By Stefanos Chen | The New York Times
Everyone is feeling the squeeze.
“Mortgage rates are sky high, prices are sky high, and there’s no inventory,” said Mark Zandi, the chief economist at Moody’s Analytics. “This may be the worst time in my living history for the home buyer — it just doesn’t make sense.”
Mortgage rates recently broke 7 percent, the highest since 2002, and more than double what most borrowers paid near the start of the pandemic.
Between soaring prices and rising rates, the typical home buyer in October paid 77 percent more on their loan, per month, than they would have last year, according to Realtor.com. With a national median asking price of $425,000 and a 10 percent down payment, that works out to an additional $1,117 every month.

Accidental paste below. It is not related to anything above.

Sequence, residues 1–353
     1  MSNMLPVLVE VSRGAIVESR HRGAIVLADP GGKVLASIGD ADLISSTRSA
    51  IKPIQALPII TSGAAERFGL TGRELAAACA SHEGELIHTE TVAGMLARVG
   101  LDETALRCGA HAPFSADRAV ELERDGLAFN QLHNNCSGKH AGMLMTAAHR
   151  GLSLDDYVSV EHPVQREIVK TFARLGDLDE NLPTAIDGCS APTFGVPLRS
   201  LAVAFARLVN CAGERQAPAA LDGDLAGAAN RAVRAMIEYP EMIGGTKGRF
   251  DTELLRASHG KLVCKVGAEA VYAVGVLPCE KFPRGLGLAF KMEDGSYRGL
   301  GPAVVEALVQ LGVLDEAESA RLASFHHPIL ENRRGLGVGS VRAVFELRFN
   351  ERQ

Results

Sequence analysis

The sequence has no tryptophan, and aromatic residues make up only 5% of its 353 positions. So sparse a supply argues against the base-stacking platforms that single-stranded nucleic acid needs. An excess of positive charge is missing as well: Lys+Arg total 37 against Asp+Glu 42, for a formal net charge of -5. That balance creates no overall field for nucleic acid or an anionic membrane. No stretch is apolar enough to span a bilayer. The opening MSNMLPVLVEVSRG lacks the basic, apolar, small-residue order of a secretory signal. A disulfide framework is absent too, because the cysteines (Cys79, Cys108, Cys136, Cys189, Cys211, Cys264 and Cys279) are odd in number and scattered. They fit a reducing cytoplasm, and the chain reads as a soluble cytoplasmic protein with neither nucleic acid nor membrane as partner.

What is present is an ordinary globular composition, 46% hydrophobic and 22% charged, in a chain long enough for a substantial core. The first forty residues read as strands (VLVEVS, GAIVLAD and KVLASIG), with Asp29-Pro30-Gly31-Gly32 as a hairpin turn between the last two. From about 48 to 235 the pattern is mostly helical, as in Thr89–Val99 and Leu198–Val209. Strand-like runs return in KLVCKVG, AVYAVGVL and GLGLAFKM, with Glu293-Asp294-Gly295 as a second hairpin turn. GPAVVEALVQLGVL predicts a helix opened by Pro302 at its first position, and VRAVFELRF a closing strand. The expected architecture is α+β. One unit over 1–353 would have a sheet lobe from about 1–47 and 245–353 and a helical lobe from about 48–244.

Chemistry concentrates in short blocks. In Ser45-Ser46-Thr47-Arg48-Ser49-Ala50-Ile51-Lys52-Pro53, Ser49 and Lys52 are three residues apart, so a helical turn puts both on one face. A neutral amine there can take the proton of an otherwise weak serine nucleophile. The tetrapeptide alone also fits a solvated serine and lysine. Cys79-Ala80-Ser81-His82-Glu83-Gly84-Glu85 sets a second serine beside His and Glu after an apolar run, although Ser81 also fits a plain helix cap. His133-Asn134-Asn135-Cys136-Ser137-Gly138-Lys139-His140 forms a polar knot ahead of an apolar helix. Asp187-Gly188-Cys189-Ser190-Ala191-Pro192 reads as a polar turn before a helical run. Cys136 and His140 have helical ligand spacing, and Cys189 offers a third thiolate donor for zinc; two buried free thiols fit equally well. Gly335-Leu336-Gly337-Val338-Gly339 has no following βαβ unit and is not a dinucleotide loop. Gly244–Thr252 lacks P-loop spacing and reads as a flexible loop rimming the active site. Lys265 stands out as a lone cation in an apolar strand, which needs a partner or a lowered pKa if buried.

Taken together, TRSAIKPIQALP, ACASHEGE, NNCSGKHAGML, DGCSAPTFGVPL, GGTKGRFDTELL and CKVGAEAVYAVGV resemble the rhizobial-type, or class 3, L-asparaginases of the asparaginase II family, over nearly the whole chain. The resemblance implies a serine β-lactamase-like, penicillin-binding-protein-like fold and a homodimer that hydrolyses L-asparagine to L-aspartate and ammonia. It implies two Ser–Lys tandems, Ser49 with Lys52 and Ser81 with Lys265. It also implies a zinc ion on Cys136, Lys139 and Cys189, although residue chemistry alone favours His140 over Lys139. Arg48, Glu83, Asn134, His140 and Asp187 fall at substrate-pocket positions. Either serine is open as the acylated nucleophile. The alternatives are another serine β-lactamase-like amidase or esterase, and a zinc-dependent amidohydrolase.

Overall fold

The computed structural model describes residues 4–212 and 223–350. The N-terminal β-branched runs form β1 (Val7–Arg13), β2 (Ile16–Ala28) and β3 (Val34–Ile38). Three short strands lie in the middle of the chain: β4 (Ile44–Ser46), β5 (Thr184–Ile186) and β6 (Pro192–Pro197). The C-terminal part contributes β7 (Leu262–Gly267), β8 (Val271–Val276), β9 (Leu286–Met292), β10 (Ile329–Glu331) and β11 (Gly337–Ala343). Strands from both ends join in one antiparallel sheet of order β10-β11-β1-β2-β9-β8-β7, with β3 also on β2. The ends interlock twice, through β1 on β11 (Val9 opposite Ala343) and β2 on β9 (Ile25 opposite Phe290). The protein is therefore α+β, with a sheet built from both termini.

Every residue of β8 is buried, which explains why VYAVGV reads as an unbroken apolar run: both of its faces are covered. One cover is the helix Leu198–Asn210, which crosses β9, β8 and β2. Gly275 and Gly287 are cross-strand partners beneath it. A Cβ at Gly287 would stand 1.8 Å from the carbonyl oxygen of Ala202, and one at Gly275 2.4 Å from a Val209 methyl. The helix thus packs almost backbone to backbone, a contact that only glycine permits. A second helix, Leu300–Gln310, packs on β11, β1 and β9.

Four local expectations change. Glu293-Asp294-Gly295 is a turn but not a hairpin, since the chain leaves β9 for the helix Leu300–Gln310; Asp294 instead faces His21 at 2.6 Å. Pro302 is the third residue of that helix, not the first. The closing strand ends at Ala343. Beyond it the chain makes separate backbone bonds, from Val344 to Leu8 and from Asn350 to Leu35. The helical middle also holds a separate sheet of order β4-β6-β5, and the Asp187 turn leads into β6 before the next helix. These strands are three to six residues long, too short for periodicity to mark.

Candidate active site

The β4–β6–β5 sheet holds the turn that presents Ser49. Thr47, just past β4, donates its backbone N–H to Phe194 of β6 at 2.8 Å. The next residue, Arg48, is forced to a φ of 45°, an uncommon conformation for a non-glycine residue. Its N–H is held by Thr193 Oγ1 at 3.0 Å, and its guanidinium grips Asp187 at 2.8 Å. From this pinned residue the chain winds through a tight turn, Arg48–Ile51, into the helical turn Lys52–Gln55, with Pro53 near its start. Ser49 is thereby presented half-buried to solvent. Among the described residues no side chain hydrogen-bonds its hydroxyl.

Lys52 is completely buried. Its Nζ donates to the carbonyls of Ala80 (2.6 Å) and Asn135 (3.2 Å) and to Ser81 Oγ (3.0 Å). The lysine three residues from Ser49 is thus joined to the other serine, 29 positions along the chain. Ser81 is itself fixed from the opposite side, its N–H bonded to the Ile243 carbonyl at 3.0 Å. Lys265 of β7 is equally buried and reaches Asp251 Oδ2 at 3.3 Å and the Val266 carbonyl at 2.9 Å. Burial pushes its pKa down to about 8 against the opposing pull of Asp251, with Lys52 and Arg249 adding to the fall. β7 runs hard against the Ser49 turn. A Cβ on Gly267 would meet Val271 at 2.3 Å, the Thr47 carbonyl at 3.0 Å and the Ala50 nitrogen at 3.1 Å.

Home contract signings fell for the fourth straight month in September, down 31 percent, compared with September 2021, according to the National Association of Realtors. The same month, search interest in the phrase “U.S. Housing Bubble” reached a 15-year high, according to Google trends data. The searches were most popular in Idaho, where the median home price in Boise was $549,900 — an eye-popping 51 percent increase since September 2019, according to Realtor.com.